Sir Bradley Wiggins is among the riders named on British Cycling’s Olympic podium programme for 2016/17, in a further hint that the Olympic and Tour de France champion is not quite ready to retire yet.
The riders named on the list receive support from British Cycling to fulfill the aim of winning medals at the next Olympic Games, so it was with some surprise that Wiggins appeared on the list published on Thursday. Wiggins has previously said that he will not race in the 2020 Tokyo Games and that he is ready to retire.
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However, Wiggins first hinted that he may not retire from track racing after he and Mark Cavendish won the Ghent Six in November. Now, it looks as though Britain’s most decorated Olympian will carry on racing as part of the British track endurance squad going into 2017.
BC says that they will support Wiggins if he does decide to continue racing, saying via Twitter: “Bradley Wiggins is continuing to consider the direction of his future. We are happy to give him the flexibility to allow him to do that”.
Wiggins was part of Great Britain’s gold-medal-winning team pursuit squad in Rio, and showed no sign that he is off his best form. A Track World Championship win in the Madison with Cavendish in March, along with his Ghent Six win, show that he still has something to give.
Wiggins’s track experience is unrivalled in the British team, and his experience will be valuable in nurturing the future generation of GB track stars, such as Mark Stewart, Oliver Wood and Chris Latham, all of whom are named on the podium programme.
All was not plain sailing for Wiggins in 2016, however. The 36-year-old was caught up in the WADA therapeutic use exemption certificate (TUE) hacking controversy after the Rio Olympics, when the publication of his hacked medical records showed that he had received injections of corticosteroids prior to the 2011 and 2012 Tour de France (the year he won), and 2013 Giro d’Italia.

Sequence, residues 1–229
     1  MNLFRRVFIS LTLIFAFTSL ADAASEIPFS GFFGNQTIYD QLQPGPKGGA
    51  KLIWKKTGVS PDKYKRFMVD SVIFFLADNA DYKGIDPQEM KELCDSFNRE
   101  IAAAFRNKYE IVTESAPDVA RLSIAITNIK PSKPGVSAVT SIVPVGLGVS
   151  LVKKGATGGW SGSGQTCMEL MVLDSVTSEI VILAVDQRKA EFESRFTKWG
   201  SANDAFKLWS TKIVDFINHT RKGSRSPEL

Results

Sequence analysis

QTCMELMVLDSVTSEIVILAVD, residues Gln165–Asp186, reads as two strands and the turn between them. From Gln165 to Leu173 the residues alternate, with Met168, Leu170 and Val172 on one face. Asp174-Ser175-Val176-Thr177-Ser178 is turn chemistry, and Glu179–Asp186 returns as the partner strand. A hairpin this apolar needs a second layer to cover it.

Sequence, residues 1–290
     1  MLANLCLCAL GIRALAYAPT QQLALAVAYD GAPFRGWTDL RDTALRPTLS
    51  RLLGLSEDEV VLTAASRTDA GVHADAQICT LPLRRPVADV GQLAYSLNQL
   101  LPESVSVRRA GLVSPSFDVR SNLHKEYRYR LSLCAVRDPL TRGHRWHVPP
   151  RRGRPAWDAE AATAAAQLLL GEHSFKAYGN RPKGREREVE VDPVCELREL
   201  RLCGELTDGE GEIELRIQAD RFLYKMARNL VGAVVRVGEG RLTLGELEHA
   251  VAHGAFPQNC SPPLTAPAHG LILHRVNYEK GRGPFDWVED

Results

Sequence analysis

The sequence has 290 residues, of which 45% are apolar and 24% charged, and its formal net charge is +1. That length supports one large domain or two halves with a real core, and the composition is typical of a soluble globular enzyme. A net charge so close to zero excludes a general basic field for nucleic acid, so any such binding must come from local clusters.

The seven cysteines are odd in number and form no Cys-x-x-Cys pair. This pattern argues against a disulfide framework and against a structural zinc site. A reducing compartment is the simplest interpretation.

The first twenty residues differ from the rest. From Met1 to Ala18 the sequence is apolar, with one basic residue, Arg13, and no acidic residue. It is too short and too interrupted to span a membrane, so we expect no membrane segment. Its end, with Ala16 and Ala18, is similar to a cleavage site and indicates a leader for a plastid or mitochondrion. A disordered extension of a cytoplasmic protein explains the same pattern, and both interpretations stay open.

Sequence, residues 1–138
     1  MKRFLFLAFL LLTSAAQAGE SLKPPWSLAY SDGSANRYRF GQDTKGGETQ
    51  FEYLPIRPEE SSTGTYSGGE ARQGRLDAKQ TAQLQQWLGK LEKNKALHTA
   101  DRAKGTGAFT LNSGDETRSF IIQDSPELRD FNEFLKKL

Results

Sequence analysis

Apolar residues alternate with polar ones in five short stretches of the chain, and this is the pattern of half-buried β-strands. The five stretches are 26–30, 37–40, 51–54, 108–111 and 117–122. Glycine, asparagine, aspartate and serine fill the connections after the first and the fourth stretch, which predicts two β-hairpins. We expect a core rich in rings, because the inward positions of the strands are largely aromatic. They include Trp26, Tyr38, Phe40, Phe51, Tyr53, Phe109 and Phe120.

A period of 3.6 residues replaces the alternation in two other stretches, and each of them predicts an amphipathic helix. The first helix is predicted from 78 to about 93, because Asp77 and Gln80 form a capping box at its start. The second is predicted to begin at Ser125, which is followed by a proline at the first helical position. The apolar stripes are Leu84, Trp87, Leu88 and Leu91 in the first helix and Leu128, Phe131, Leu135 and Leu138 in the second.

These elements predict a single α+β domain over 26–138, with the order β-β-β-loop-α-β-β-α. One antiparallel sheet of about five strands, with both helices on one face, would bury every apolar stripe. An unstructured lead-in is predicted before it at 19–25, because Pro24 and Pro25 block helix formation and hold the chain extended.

Wiggins subsequently explained that they were for the legitimate treatment of allergies and respiratory problems, but the issue received attention in the press because it contradicted a passage in his autobiography that stated he had never received injections. There was no suggestion of wrong-doing.
In addition to track and road line-ups, BC’s podium programme also supports riders taking part in the remaining Olympic cycling disciplines of BMX and cross-country mountain biking.
“In a year which has seen some fantastic performances from the Great Britain Cycling Team, the bar for programme membership remains high and we have a very strong podium programme squad to lead us into the next Olympic cycle,” said BC programmes director Andy Harrison.
“In particular, I’m pleased to see the strength and depth we have within the women’s road squad which has been bolstered by the additions Dani King, Nikki Brammeier and former mountain biker Alice Barnes which paints a very different picture to where we were with this squad a couple of years ago.
“I’m also very happy with the pathway progression of the six academy riders who have stepped up from senior academy level and already we’re seeing great results from the track riders.
“Throughout the pathway system we have some incredibly talented riders and we are confident of continuing our success in the coming years.”
British Cycling is currently searching for a performance director to take up the role previously occupied by Sir Dave Brailsford. Harrison is currently overseeing the British team.
British Cycling Olympic Podium Programme rider list 2016/17
Men’s Track Endurance
Sir Bradley Wiggins
Women’s Track Endurance
Joanna Rowsell Shand
Men’s Track Sprint
Women’s track sprint